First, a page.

Essential service operators and digital service operators are likely to be substantially affected by the Directive and both they and their insurers will need to confirm new procedures are in place to ensure compliance.
Packaged Retail and Insurance-based Investment Products Regulation
From 1 January 2018, firms advising on or selling packaged retail and insurance-based investment products must provide a key information document (KID) to retail investors, setting out key facts in a clear and understandable manner. The requirement to provide a KID was initially meant to come in at the end of 2016 but this was delayed by a year.
Policing and Crime Act 2017
In effect since 1 April 2017, Part 8 of the Act enhances the UK financial sanctions regime by introducing three major changes:
- It empowers the newly established Office of Financial Sanctions Implementation (OFSI) within HM Treasury to impose civil monetary penalties on companies and company directors and officers for breaking UK, EU and UN financial sanctions. If satisfied on a balance of probabilities that a person acted in breach of sanctions and knew or had reasonable cause to suspect they were in breach, OFSI may impose a penalty up to £1 million or 50% of the estimated value of the funds or resources subject to the breach (whichever is greater).
- It increases the maximum criminal penalty for breaching financial sanctions from two to seven years imprisonment for conviction on indictment.
- It expands the enforcement measures available by including breaches of financial sanctions in the list of offences to which deferred prosecution agreements and serious crime prevention orders apply.
OFSI guidance suggests that it will actively pursue breaches of financial sanctions. Companies should ensure their systems and controls are sufficient to identify and mitigate any sanctions risks. Penalties may be reduced where there has been voluntary disclosure of the breach and early co-operation.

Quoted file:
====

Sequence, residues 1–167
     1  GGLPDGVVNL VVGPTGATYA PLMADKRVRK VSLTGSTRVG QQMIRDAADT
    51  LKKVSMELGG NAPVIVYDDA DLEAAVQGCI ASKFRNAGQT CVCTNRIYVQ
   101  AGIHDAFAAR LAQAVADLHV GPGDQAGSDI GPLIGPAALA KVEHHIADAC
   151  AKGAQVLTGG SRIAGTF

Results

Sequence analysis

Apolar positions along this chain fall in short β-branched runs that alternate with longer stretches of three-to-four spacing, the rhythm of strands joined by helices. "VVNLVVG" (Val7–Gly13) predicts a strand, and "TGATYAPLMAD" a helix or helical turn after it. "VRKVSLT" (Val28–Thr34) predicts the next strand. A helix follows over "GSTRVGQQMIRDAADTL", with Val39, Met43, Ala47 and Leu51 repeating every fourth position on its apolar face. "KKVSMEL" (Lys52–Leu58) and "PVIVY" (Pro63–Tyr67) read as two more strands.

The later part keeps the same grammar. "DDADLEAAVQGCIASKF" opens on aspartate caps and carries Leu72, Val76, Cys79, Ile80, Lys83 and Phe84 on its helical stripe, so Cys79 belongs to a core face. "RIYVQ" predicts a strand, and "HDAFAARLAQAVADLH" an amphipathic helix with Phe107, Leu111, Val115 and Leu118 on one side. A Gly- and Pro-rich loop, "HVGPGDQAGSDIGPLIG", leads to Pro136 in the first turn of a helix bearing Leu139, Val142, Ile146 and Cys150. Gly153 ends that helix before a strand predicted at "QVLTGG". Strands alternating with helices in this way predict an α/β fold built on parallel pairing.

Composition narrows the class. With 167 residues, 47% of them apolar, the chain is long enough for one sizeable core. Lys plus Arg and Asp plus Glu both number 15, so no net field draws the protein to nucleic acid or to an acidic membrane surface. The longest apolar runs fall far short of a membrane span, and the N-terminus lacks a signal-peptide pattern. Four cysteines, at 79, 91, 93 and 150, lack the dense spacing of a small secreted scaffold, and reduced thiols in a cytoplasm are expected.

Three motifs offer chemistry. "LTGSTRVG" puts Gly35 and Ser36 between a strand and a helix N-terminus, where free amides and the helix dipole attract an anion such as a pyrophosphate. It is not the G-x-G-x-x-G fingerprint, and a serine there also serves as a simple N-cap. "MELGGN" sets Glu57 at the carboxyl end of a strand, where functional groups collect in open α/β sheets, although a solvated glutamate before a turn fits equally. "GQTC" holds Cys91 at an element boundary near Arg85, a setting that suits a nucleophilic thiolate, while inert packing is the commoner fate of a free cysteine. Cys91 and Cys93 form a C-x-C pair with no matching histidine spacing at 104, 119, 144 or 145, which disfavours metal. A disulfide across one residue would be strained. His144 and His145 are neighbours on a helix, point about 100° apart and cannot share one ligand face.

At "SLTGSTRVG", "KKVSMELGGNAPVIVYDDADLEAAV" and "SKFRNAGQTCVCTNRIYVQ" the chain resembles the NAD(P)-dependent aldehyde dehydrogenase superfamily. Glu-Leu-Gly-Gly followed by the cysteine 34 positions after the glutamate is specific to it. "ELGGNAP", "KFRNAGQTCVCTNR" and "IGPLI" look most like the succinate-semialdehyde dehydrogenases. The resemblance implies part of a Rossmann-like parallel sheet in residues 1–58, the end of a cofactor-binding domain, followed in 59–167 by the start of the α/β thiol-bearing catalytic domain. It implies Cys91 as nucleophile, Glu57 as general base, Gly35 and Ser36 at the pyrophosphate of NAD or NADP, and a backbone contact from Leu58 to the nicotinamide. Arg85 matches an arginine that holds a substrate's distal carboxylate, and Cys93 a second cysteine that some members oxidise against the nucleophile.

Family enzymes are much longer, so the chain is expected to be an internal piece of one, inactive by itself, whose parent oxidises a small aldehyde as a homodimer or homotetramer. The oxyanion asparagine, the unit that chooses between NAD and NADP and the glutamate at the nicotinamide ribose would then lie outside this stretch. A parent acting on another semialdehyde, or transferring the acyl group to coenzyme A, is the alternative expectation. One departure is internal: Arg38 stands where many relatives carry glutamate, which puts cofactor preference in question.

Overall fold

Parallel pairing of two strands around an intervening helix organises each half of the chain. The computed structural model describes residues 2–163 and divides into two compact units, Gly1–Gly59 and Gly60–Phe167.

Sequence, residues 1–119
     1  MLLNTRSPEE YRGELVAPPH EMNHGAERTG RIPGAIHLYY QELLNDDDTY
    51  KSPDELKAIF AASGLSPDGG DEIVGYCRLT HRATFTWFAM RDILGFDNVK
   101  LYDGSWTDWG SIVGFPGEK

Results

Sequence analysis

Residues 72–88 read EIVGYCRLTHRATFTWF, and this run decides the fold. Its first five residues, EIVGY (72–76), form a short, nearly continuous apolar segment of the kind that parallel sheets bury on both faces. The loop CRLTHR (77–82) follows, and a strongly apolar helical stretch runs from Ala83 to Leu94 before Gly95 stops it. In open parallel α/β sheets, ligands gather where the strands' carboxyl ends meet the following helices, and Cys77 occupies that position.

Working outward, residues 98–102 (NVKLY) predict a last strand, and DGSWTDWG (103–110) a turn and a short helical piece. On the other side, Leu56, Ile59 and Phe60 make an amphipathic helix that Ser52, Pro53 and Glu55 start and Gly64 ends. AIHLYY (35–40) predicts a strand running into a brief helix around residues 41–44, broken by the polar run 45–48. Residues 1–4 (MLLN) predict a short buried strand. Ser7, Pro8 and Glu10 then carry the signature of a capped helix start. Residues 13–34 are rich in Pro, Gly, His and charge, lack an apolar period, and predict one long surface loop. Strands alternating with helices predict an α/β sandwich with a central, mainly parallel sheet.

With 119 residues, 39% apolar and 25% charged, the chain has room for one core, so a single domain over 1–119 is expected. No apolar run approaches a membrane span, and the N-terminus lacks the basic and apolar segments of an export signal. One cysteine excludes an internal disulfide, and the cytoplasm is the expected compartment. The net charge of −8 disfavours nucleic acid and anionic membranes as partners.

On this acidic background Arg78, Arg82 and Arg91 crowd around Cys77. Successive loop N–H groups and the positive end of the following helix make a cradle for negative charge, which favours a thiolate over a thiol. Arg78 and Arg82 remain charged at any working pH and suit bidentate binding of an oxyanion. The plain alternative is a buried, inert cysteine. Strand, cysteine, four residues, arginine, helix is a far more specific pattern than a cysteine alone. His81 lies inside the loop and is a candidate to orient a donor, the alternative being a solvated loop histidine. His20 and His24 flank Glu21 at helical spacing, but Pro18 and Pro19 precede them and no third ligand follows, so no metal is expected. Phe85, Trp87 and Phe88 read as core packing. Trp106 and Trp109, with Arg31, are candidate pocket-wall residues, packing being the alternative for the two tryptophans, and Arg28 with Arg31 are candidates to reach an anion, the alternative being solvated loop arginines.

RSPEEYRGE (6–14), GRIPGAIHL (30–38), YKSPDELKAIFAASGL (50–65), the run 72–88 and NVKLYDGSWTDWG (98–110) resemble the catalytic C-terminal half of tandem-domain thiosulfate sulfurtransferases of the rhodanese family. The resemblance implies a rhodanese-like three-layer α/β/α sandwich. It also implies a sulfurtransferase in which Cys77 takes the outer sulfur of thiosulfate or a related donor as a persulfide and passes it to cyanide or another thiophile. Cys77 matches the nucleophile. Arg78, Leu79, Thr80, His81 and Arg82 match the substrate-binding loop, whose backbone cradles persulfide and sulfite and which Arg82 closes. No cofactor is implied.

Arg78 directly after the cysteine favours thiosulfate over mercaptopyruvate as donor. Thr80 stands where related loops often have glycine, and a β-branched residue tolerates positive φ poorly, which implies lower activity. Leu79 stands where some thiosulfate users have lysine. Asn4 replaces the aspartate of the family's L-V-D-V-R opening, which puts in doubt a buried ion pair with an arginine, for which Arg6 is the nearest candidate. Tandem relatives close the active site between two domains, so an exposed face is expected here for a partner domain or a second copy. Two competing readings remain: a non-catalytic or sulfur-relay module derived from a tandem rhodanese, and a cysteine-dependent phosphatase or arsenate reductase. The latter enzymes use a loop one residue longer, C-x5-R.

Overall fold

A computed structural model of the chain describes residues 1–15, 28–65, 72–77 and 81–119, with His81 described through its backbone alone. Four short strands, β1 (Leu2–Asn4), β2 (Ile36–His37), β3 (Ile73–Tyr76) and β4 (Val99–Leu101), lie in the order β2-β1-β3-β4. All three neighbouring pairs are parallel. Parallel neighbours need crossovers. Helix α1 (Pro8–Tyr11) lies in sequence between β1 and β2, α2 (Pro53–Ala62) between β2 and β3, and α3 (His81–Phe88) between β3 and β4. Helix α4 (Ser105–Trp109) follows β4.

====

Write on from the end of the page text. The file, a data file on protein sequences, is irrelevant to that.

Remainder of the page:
These new provisions give rise to a number of potential exposures for directors and their insurers. While any fines imposed on directors are unlikely to be covered under D&O policies, cover may be available to defend any investigations or prosecutions, subject always to any conduct exclusion/ claw back.
Riot Compensation Regulations 2017
These Regulations, together with the Riot Compensation Act 2016, came into force on 6 April 2017. They clarify the operation of the Act, including that where two parties have a legal interest in the same property which could be the subject of a claim under the 2016 Act, they can each bring a claim. However, no one may make more than one claim in respect of the same postal address, except that an insurer can make claims for both contents and buildings insurance.
The Regulations adjust the definition of property to include items used in connection with a business carried on by the claimant and contained in motor vehicles or trailers.
The time limit for bringing a claim is 43 days from the date the riot ends or, for claimants whose insurers have refused their claim, 43 days from the decision of the insurer to refuse to pay the whole or part of the claim. Evidence in support should be received by the relevant authority within 91 days. Stolen property will be deemed lost if it has not been recovered before the date that the first payment of compensation is made. The value of the compensation will be calculated on the basis of the reasonable cost of repair or reinstatement, or the cost of replacement at current market value. Alternative accommodation is limited to a 132-day maximum period from the date on which a home is made uninhabitable.
Claims by insurers may be decreased or refused if the insured participated in the riot, contributed (even indirectly) to damage during the riot, or committed a criminal offence relating to the riot. Also, any degree of fraud in the insured claim may be used as grounds to refuse the insurer compensation.
A riot claims bureau has not been created in these Regulations, but separate regulations will be prepared ready to be laid before Parliament in the event of a riot.
Senior Managers and Certification Regime
The Senior Insurance Managers Regime came into force in 2016, replacing the approved persons regime for certain senior individuals within insurance companies. From 1 January 2016, Solvency II firms and groups have been required to have governance maps in place, setting out clearly the key functions at the firm and the relevant individuals responsible for these functions, along with their lines of accountability and responsibility both within that firm and to any wider group. Further changes came into effect in March and September last year.
A similar regime, the Senior Managers and Certification Regime (SM&CR) was put into place in 2016 for banks and some investment firms. The SM&CR is now being extended to all authorised firms (including insurance brokers). Significant changes are also being proposed for insurers. The new regime is expected to start from 2018.
The Prudential Regulation Authority and the Financial Conduct Authority (FCA) each published consultation papers on extending the regime in July 2017. The FCA also published a number of policy statements on the extension of the SM&CR in May, including one on how conduct rules will apply to non-executive directors in insurance firms.